Penwith Methodist chapels close after well over 100 years of service
TWO Methodist chapels built in Victorian times have closed after their "purposes were fulfilled".
Treen, built in 1834 and St Levan, set up in 1868, saw congregations gather for the last time on Sunday.
The two buildings made up one church, with their attendees now said to be "exploring" other options to find a new home in which to worship.
The Reverend Julyan Drew, the superintendent minister of the West Penwith Methodist circuit, paid tribute to the chapels and said, as with everything, times have to move on.
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"I likened it to letting go, like when my wife has to take my slippers away when they get worn out – churches are like anything else in life, things change."
He said the final service was a mixture of sadness and acceptance, but also an opportunity to celebrate the memories people shared from times past, adding: "I am sad for the people, but everyone remembered good moments. The congregation is now looking for a new home.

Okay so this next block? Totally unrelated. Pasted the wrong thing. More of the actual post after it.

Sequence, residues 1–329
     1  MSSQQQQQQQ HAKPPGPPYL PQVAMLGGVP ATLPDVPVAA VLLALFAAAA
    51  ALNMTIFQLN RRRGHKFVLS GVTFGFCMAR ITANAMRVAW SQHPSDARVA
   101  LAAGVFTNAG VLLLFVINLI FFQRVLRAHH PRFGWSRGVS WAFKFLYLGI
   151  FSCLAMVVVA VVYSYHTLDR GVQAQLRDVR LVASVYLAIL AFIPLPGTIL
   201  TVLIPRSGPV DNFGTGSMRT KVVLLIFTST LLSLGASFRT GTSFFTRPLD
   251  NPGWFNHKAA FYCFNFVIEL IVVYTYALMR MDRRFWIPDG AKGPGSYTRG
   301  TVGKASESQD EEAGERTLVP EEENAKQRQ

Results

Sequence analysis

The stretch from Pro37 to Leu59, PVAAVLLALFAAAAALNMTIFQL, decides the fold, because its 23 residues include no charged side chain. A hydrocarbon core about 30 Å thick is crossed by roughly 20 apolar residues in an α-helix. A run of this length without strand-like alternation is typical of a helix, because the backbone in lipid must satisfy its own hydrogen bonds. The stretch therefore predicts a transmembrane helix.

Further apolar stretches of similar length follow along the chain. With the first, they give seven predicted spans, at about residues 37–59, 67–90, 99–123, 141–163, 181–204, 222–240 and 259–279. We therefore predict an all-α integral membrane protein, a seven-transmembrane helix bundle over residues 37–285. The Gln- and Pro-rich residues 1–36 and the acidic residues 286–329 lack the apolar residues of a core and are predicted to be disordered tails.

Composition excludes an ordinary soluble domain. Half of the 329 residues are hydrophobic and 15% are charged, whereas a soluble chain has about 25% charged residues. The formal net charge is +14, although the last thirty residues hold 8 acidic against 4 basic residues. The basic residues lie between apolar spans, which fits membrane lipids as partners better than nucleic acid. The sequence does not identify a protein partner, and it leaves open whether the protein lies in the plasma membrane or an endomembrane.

"People may stay within the parish. The population has been larger over the years, and in the past the proportion of people who went to church was higher."
The final service was held in St Levan Methodist Hall and was led by the Reverend Drew and the recently retired Reverend Greene.
Some of the morning's preaching focused on history, with Reverend Greene stating: "We are proud of those who have gone before us, and we now move on."
He said St Levan was a particularly large chapel and its parish was too small.
Structural and evaluation surveys are now set to be carried out on the properties, which will determine their future.
He added he hopes they can be used for "something positive."